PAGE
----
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Two-thirds of gene promoters in mammals are associated with regions of non-methylated DNA, called CpG islands (CGIs), which counteract the repressive effects of DNA methylation on chromatin. In cold-blooded vertebrates, computational CGI predictions often reside away from gene promoters, suggesting a major divergence in gene promoter architecture across vertebrates. By experimentally identifying non-methylated DNA in the genomes of seven diverse vertebrates, we instead reveal that non-methylated islands (NMIs) of DNA are a central feature of vertebrate gene promoters. Furthermore, NMIs are present at orthologous genes across vast evolutionary distances, revealing a surprising level of conservation in this epigenetic feature. By profiling NMIs in different tissues and developmental stages we uncover a unifying set of features that are central to the function of NMIs in vertebrates. Together these findings demonstrate an ancient logic for NMI usage at gene promoters and reveal an unprecedented level of epigenetic conservation across vertebrate evolution. DOI:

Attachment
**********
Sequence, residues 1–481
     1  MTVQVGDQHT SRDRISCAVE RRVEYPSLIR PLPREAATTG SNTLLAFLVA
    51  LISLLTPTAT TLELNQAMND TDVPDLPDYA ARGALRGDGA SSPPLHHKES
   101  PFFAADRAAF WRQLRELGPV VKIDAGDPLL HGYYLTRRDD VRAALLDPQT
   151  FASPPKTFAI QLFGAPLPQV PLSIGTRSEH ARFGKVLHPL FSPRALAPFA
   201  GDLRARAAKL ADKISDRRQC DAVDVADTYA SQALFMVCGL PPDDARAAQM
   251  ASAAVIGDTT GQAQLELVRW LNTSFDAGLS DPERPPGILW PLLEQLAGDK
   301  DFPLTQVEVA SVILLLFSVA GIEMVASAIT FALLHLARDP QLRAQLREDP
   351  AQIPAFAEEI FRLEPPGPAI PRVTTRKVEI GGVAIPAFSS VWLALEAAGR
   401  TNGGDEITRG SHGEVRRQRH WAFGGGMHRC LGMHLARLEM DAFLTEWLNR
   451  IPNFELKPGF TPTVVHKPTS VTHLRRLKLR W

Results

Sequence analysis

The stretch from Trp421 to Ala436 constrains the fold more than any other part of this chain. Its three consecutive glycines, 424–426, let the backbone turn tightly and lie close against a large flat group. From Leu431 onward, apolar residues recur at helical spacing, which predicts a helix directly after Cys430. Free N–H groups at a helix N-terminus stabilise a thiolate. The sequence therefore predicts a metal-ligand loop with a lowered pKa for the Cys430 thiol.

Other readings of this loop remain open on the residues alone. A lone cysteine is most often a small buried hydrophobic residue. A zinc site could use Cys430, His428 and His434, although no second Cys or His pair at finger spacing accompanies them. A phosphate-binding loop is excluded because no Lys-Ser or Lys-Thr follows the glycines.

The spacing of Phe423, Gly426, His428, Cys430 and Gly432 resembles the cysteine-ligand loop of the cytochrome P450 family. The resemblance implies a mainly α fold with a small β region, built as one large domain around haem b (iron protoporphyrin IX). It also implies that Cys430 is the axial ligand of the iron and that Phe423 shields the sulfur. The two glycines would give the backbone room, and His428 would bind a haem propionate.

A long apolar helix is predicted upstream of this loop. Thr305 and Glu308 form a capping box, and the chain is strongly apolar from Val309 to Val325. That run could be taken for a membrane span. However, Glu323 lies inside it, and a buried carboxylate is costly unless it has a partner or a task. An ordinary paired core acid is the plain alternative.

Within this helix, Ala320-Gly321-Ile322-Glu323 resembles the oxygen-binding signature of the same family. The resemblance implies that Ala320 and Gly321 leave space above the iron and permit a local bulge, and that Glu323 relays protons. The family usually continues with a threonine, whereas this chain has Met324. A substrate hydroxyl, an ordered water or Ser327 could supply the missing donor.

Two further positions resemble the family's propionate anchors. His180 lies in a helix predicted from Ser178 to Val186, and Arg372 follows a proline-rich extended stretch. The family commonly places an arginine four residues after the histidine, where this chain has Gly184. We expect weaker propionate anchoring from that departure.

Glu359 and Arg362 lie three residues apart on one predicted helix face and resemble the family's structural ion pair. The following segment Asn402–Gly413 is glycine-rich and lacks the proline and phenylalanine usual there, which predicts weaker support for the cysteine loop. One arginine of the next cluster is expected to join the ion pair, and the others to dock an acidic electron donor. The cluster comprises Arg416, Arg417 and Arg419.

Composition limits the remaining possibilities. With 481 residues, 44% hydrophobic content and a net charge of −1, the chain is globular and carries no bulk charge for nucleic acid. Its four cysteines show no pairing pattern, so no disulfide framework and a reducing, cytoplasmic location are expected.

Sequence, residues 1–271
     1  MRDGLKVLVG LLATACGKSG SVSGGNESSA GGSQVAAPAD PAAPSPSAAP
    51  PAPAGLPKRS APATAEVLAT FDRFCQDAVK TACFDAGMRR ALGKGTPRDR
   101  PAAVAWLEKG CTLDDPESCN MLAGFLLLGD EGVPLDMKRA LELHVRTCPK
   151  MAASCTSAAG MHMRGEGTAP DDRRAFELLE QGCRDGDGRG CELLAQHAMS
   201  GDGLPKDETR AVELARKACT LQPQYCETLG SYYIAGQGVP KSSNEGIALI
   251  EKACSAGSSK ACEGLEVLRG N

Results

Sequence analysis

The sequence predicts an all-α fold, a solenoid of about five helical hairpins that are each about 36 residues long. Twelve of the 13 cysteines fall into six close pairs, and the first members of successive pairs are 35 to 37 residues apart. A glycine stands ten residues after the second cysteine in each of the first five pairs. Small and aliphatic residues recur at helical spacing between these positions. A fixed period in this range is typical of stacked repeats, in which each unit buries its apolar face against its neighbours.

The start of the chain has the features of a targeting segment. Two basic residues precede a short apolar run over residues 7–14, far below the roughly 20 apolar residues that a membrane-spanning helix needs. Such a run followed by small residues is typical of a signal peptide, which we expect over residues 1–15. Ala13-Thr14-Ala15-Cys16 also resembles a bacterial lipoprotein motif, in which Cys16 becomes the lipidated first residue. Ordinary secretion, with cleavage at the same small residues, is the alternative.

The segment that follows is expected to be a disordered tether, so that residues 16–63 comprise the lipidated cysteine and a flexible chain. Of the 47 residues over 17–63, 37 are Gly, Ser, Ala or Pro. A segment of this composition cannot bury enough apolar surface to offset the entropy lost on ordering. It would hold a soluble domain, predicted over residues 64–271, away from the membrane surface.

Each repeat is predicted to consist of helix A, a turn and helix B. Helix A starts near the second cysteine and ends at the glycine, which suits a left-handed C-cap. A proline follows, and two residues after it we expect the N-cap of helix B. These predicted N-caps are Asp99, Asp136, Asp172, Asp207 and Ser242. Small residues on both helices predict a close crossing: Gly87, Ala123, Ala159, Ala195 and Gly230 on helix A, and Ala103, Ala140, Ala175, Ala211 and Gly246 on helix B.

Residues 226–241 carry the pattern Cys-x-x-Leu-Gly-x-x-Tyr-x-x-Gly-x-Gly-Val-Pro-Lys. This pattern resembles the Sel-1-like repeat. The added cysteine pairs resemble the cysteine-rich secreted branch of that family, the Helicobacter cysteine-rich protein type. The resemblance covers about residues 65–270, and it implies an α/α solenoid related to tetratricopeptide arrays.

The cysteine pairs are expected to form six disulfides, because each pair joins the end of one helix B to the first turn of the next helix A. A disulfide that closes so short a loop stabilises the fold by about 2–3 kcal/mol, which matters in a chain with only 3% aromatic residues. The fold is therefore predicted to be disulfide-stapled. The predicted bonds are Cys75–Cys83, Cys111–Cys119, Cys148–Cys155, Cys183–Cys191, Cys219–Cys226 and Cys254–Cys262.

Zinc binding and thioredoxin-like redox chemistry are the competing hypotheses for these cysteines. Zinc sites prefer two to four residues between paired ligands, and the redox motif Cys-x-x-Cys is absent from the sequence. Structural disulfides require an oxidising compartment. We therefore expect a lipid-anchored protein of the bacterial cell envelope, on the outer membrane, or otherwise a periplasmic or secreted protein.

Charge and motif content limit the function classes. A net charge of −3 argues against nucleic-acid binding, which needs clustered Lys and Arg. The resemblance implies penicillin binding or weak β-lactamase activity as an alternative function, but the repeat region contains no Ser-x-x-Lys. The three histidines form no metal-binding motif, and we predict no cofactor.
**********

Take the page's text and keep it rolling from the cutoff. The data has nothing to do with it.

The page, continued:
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Chicken, Chromatin, CpG islands, DNA methylation, Epigenetics, Evolutionary conservation, Human, Mouse, Xenopus, Zebrafish, Animals, Base Sequence, Biological Evolution, Chickens, Chromatin Assembly and Disassembly, Conserved Sequence, CpG Islands, DNA Methylation, Databases, Genetic, Epigenesis, Genetic, Gene Expression Profiling, Humans, Lizards, Mice, Platypus, Promoter Regions, Genetic, Species Specificity, Xenopus, Zebrafish